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Effect of captopril first doses on blood pressure and renal function in children with congestive cardiac failure
  1. E Oualid,
  2. S Wheeler,
  3. H Mulla
  1. Centre for Therapeutic Evaluation of Drugs in Children, University Hospitals of Leicester, Leicester, UK

Abstract

Aims and objectives The aim of this retrospective study was to determine the frequency and severity of the effects of ‘first dose’ captopril on blood pressure and renal function in children with congestive cardiac failure.

Methods Retrospective data were collected from case notes, prescription and TPR charts of children treated between April 2007 and March 2009 at Glenfield Hospital, a tertiary paediatric cardiology unit. Blood pressure, urea, creatinine and potassium data were recorded precaptopril and postcaptopril test dose. If more than one test dose was given then data relating to additional doses was also collected. Concomitant diuretic therapy was also recorded. Hypotension was defined as a greater than 25% fall in systolic blood pressure (SBP).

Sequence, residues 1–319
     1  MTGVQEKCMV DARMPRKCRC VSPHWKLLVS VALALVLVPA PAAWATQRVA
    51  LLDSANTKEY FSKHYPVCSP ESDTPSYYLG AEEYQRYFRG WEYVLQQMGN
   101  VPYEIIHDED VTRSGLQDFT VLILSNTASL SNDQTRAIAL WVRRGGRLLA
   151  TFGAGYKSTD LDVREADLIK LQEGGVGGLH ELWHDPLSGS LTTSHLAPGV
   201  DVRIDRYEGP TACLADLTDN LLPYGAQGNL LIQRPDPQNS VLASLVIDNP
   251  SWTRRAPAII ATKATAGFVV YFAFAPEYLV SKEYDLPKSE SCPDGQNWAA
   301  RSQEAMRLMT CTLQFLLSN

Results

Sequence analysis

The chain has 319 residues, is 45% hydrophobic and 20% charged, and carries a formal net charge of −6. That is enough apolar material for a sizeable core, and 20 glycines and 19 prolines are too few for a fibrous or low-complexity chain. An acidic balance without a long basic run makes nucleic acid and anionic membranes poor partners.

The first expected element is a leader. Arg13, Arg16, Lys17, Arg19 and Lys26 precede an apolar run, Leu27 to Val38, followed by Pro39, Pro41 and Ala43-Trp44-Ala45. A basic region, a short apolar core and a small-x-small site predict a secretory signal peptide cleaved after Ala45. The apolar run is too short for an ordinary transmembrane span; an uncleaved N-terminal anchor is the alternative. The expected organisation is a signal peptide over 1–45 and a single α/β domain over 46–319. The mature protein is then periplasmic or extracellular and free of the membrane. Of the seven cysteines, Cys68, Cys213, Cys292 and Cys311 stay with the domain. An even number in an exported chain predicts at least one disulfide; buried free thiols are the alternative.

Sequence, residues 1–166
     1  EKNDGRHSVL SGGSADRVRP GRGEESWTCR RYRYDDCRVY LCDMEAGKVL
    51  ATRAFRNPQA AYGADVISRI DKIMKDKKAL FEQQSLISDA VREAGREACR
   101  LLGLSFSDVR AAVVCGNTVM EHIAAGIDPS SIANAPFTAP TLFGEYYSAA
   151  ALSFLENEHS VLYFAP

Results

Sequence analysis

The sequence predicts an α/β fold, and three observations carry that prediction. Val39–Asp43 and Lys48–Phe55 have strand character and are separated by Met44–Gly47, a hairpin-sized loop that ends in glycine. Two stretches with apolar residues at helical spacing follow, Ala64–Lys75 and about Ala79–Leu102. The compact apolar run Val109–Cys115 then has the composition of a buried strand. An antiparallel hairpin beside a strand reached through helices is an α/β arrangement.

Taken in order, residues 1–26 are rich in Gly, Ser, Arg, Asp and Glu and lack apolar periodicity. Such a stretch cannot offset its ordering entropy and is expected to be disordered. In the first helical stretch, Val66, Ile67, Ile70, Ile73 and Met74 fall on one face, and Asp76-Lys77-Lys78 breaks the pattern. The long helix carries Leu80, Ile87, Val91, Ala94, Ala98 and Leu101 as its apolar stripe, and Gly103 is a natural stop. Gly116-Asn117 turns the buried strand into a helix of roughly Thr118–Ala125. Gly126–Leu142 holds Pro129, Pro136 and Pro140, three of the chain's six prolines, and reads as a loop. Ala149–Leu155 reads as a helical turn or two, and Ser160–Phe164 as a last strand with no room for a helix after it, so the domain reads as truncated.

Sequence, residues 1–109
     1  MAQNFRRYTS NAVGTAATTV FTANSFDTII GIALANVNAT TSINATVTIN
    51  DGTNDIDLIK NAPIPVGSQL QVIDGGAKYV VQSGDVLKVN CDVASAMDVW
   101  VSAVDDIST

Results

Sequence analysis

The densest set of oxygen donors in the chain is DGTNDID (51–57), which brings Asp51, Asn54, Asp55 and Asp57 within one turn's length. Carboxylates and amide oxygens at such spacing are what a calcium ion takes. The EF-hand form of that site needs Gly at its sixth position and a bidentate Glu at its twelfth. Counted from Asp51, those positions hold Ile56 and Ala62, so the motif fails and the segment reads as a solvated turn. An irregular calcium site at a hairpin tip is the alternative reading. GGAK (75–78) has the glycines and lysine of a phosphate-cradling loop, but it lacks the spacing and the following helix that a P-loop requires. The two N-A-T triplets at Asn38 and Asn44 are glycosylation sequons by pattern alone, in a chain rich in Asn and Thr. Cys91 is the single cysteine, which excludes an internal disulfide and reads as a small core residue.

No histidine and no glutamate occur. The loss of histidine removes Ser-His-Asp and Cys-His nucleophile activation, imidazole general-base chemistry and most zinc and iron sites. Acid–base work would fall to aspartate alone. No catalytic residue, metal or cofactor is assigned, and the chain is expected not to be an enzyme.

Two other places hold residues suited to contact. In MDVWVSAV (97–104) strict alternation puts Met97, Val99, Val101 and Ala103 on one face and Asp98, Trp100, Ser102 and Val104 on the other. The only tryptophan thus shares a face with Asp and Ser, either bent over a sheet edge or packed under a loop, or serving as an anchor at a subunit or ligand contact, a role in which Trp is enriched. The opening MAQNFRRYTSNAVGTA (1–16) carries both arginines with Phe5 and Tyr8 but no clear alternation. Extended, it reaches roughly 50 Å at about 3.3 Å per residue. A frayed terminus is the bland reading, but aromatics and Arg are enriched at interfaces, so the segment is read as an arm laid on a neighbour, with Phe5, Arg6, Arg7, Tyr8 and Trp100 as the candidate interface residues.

Results Data from a total of 48 children were included in the analysis. The mean (range) test doses of captopril administered was 0.1 (0.05–0.22) mg/kg. The mean (range) discharge dose was 0.73 (0.29–1.2) mg/kg. The mean (SD) fall in SBP and diastolic blood pressure following the first dose was 12.3 (15.6) mm Hg (p<0.0005) and 10.8 (12.7) mm Hg (p<0.0005), respectively. Nine patients (18%) developed hypotension, one of whom had their captopril stopped. There was no significant difference between the ages of patients who developed hypotension. Predose and postdose biochemical assessment of renal function showed no effect of dosing: creatinine 44.06 (10.30) and 43.34 (12.54) mmol/l, respectively (p=0.13), urea 5.13 (2.49) and 5.06 (2.21) mmol/l, respectively (p=0.78). There were no a cases of acute renal failure.

Further analysis of the BP data using dose-time response models estimated the time to peak drop in BP as 1.1 h, and recovery of blood pressure by 4–6 h. The dose at which 50% of the maximum drop in BP was achieved was estimated as 0.7 mg/kg. There was significant variability in the change in BP post dosing, time to peak effect and return to baseline.

Conclusion Captopril therapy is currently initiated in children as inpatients. However, the results of this audit reveal that only 18% of children experienced hypotension post dosing, with only one resulting in cessation of therapy. There was also no deterioration in renal function. These results suggest that it may be safe to initiate captopril therapy in primary care by GPs.

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